Farewell, my Hun

Dear Arnold, or "chaparito," as the girls at the In-N-Out here in town dubbed you when you visited us once during your first campaign, good-bye "Shorty," we loved you well. You were a magnificent obsession, nearly as good as the Great Ronald Himself. You took our minds off our problems. You distracted us from the bad news of our collapse. You were the ultimate Man Without Qualities, the nostalgic memory of the Austro-Hungarian Empire's special gift to poor us. Those of us unfortified by the magnificent, 1,500-page, unfinished comic novel by Robert Musil, which would include a very comfortable majority of us Californians, were putty in your hands.
How were we to imagine that after your ridiculous terms as governor, you'd be rushing back to Hollywood to write the novel of your life as the basis of the film script? My very own Greedy Hun. I salute you. We will never be rid of you, it seems. You will be in our face forever -- a jerk, a joke, both.
It was as if you tried to turn California into Osterreich in the brilliance of your primitive, Euro-trash, weight-lifting brain (if we can call it a brain). Glossed andgilded by Hollywood funds, you were inevitable -- all our weakness for fantasy in oneguy. "But he is so short," the girls from the In-N-0ut commented, giggling. Yo, VictorDavid Hanson, disgrace to American classics, failed Fresno farmer, neo-con mouthpiece outof Stanford's Hoover Institute for the Promotion of White Race TotalitarianismEverywhere, yo, Victor, thank God this state is being remorsely taken over by the Hispanic culture, which is both revolutionary and has a sense of humor.
Farewell, my Hun. Reagan won in 1966 by turning this valley on the line, "black welfare mothers driving off from the Welfare office with 10 kids in a gold Cadillac." It played with the Okies, driven to idiocy by the hardest work. You, my Hun, rippled your muscles at us and we succumbed to oiled abs and biceps and the "Terminator" roles.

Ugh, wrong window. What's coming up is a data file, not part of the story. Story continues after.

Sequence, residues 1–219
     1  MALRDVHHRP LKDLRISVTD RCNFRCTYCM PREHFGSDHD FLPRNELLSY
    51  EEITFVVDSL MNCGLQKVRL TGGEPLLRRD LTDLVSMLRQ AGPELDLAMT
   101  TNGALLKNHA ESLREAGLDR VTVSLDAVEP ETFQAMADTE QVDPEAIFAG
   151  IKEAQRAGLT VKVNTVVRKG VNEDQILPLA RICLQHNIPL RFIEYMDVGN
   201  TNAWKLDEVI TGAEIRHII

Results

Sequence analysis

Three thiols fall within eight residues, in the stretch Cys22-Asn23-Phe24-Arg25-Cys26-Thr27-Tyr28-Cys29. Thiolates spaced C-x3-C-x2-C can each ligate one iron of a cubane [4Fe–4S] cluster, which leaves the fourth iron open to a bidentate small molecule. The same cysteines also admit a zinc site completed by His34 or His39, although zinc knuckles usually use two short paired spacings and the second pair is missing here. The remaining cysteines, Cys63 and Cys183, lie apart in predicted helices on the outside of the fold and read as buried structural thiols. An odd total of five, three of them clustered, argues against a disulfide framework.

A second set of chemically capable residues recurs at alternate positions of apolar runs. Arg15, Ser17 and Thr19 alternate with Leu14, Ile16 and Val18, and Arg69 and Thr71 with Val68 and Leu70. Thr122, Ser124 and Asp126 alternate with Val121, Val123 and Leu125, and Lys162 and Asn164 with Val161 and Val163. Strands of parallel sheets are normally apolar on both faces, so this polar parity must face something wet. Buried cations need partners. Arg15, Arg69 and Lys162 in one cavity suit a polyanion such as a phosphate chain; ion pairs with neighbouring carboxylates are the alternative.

We Californians take "historical vacations" whenever they are offered.
We adored you. We are so stupid. You conducted what passed for your business on a porch outside the governor's office, under a canopy, where you could smoke your cigars. No woman lobbyist or legislator could resist you, except maybe the state's School Marm, state Sen. Lois Wolk, who actually represented the Delta, which you intended to destroy.
The wake of some great men attract people of substance and talent. You attracted whores like Phil Isenberg, chairman of your "Delta Vision" committee, and state Senate President Pro Tem, like Isenberg another Sacramento politician, Darrell Steinberg. Whores. Members of the Parasite Class, well trained and educated by wise Greek developers in their home districts -- Tsakopoulos, Angelides, Kamilos, and by the shadows of their money men.
The entire capital of the largest state in the union, anywhere from fifth to eighth largest economy in the world depending on the year you chose to check it, had been bought and sold before you, my precious Hun, came to power.